My Cross Buns

In good taste By Cynthia Nelson

Cross Buns with traditional Cross-glaze (Photo by Cynthia Nelson)

Certain foods are all about tradition in terms of how they are made and eaten; however, I have to confess (and this is the season for the baring of one’s soul) that I have never liked the traditional Cross Buns. I find them to be dry and never sweet enough. The only thing I want to eat my Cross Buns with is some cheese, therefore, the sweetness must be there to contrast with the savoury, sharp cheddar cheese. With a bun so full of spices one should be able to eat a Cross Bun just as is, even dunking it into tea or coffee. So, this is what I set out to do – make a bun as soft and fluffy as a Butterflap, sweet like an Amish White Bread and with the gloss and stickiness of a Coconut Turnover.

For this version of the buns, there are 2 sets of glazes – one with sugar water to create the sticky effect and the second one which is a light icing glaze that coats the entire top of the buns giving them an added bit of sweetness. If your family would really be upset if they don’t see the traditional cross on top of their bun then by all means, skip the light icing glaze and make a thicker version and design the buns making the cross.


Cross Buns with traditional Cross-glaze (Photo by Cynthia Nelson)
Cross Buns with traditional Cross-glaze (Photo by Cynthia Nelson)
Cross Buns (Photo by Cynthia Nelson)
Cross Buns (Photo by Cynthia Nelson)

Yield: 12 – 14




For dough:


1 tablespoon instant yeast (or active dry)

½ cup granulated sugar

1 + ½ cups warm whole milk (110 – 115 degrees F)

4 cups all-purpose flour

1 teaspoon ground cinnamon

¼ teaspoon ground cloves

¼ teaspoon grated nutmeg

¼ teaspoon table salt

1/3 cup currants (substitute with raisins)


For glazes:


No. 1

3 tablespoons sugar

2 tablespoons water


No. 2

½ cup icing sugar

2 tablespoons whole milk (or water, lemon, orange or lime juice)





For dough:


  1. Add sugar to bowl along with milk and stir to dissolve sugar. Toss in yeast and give a little stir (be sure to wipe off any yeast stuck on the spoon), cover and leave to proof (rise) for 10 minutes in a warm place.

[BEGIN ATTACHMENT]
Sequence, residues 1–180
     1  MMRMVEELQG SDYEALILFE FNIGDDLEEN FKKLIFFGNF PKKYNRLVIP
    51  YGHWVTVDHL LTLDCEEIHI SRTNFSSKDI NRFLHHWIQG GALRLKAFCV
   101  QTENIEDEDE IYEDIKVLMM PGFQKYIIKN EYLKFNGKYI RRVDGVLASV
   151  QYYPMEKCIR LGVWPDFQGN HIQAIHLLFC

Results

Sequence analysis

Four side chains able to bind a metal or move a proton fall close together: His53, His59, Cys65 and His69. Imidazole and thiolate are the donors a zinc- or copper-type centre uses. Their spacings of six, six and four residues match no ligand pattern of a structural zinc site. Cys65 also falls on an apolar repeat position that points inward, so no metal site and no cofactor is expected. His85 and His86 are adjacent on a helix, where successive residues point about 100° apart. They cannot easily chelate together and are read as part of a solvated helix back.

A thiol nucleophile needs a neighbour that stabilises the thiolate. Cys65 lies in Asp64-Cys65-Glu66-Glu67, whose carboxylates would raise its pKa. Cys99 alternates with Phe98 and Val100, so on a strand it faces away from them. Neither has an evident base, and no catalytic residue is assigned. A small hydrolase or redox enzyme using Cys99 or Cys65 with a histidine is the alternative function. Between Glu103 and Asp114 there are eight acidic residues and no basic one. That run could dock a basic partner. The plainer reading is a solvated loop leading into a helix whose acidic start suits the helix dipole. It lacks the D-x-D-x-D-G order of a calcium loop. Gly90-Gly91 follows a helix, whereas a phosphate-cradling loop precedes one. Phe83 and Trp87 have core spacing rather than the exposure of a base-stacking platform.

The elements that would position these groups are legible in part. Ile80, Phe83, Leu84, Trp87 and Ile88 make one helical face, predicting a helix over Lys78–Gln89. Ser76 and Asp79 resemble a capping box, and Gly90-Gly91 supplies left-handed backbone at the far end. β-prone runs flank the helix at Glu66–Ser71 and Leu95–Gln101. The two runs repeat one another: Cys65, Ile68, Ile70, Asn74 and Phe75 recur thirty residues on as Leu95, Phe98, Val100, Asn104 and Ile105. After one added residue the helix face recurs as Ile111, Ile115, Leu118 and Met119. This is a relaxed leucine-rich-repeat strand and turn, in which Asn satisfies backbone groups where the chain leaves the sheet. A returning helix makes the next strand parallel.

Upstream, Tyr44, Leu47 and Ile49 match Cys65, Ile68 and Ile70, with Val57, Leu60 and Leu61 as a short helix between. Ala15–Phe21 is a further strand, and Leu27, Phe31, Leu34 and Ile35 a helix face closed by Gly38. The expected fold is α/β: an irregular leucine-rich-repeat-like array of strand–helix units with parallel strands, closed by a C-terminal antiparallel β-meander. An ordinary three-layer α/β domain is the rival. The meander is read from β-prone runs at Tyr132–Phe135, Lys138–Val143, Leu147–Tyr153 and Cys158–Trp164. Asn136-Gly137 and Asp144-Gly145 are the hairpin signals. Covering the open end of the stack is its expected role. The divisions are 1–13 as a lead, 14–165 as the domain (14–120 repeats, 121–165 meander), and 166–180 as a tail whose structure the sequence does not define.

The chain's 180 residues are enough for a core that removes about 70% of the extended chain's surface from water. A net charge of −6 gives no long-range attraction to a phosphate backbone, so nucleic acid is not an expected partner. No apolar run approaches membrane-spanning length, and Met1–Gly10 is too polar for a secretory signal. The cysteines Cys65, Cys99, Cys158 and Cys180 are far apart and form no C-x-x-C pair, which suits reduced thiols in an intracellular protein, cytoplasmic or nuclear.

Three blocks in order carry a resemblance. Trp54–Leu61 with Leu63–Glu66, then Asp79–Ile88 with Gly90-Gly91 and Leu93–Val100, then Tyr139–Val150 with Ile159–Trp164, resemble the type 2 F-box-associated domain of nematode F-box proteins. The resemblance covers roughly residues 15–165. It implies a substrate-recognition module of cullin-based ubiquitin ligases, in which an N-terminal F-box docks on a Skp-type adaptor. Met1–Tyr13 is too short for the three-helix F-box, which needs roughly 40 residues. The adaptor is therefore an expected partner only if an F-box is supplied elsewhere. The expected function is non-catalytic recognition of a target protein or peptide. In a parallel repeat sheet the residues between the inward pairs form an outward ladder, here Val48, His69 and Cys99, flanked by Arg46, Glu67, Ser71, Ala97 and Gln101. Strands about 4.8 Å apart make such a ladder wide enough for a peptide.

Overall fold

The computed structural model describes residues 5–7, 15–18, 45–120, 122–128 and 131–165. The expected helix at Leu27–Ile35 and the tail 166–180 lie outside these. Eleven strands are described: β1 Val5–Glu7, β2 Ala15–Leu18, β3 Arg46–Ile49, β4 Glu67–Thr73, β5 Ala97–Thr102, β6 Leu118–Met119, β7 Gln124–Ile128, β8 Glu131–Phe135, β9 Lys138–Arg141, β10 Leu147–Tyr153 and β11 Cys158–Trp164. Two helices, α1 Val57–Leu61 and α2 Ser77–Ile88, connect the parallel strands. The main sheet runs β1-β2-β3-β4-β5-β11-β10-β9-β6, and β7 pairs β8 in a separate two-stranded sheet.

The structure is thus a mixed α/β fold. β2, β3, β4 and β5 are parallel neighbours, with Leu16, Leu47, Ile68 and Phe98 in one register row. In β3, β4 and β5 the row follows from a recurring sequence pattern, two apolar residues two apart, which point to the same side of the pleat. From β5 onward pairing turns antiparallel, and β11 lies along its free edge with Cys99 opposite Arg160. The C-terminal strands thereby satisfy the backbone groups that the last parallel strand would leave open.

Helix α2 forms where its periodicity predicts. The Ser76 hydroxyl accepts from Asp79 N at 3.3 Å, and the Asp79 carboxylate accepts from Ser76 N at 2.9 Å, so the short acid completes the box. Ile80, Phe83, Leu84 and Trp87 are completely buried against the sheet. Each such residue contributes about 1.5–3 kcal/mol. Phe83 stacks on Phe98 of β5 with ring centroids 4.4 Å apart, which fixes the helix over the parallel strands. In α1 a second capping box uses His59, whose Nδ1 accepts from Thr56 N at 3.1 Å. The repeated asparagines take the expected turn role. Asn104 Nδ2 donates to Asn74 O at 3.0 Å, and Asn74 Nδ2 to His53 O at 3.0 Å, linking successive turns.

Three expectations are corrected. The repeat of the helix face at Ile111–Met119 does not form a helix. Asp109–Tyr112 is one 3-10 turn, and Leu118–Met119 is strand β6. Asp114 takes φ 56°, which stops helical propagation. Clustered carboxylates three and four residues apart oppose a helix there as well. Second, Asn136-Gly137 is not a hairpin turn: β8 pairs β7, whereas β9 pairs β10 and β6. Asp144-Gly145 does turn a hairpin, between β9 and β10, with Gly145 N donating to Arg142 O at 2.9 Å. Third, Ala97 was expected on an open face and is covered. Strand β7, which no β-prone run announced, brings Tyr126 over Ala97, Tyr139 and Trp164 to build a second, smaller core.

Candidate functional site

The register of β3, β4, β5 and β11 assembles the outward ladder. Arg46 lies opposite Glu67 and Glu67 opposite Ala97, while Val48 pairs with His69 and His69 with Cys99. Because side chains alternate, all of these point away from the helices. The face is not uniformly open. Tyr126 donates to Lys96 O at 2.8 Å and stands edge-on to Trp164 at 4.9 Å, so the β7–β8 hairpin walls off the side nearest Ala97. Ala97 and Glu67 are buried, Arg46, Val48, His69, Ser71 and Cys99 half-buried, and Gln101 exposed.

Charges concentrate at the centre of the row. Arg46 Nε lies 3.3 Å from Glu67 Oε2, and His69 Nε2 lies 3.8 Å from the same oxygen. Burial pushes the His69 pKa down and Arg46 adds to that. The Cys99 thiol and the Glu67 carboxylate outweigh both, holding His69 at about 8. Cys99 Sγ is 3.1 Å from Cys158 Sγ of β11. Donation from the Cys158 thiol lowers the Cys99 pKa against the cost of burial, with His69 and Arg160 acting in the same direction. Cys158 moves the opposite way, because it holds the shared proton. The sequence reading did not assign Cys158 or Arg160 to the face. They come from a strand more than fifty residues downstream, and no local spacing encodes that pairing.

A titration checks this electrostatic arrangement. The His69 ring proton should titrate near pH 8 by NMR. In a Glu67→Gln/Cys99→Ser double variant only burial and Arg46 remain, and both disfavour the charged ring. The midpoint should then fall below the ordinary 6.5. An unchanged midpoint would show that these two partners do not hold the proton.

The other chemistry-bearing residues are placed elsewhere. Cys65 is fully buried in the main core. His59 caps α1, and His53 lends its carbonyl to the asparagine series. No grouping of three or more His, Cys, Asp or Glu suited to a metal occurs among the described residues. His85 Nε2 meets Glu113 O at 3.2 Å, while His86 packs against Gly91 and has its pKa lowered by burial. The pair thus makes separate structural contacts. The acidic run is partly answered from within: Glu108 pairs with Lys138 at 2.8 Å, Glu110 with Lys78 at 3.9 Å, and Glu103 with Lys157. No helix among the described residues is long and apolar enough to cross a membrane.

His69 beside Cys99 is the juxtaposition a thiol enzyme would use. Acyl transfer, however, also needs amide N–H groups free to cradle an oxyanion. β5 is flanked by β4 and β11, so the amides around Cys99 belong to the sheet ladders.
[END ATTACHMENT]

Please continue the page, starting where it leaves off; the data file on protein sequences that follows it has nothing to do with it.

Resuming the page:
2. Add flour to bowl along with ground cinnamon, cloves, nutmeg and salt and stir to mix thoroughly, toss in currants or raisins and stir to mix.
  3. Make a well in the center of the flour mixture and pour in the yeast-milk mixture and mix to form dough. Once formed, knead the dough for 2 – 3 minutes, place in an oiled bowl, cover and put in a warm place to rise for 1 ½ hours or until more than doubled in size.
  4. Oil and 9 x 13 baking dish or pan and set aside.
  5. Punch down risen dough and knead for 2 – 3 minutes and then cut dough into 12 – 14 equal pieces. Form each piece of dough into a ball and place in baking dish or pan. Cover loosely with a tea towel or plastic wrap and let rise for 1 hour.
  6. Preheat oven to 375 degrees F with the rack in the middle 20 minutes before the 1 hour of rising is complete.


Glaze # 1:


  1. Add the 3 tablespoons sugar and 2 tablespoons water to a small bowl and stir to dissolve sugar.
  2. Brush the risen dough with sugar-water and transfer the dish to the oven. Bake for 12 minutes; remove dish/pan from oven and brush with sugar water then return to oven and bake for another 12 minutes. At the end of the second set of 12 minutes, brush the buns again with sugar water and bake for 3 minutes.
  3. Remove dish from oven, place on wire rack and brush a few times with any remaining sugar water and leave to cool in the dish for 10 – 12 minutes.


Glaze # 2:


  1. Meanwhile, add icing sugar and milk (or whatever you are using) to a bowl and whisk to dissolve. Using a tablespoon drizzle the glaze all over the buns – on the top, and letting it spill over to the sides. Let buns continue to cool until you are ready to serve them.
  2. The buns can be eaten as is, with butter or jam. I particularly like mine with cheese.

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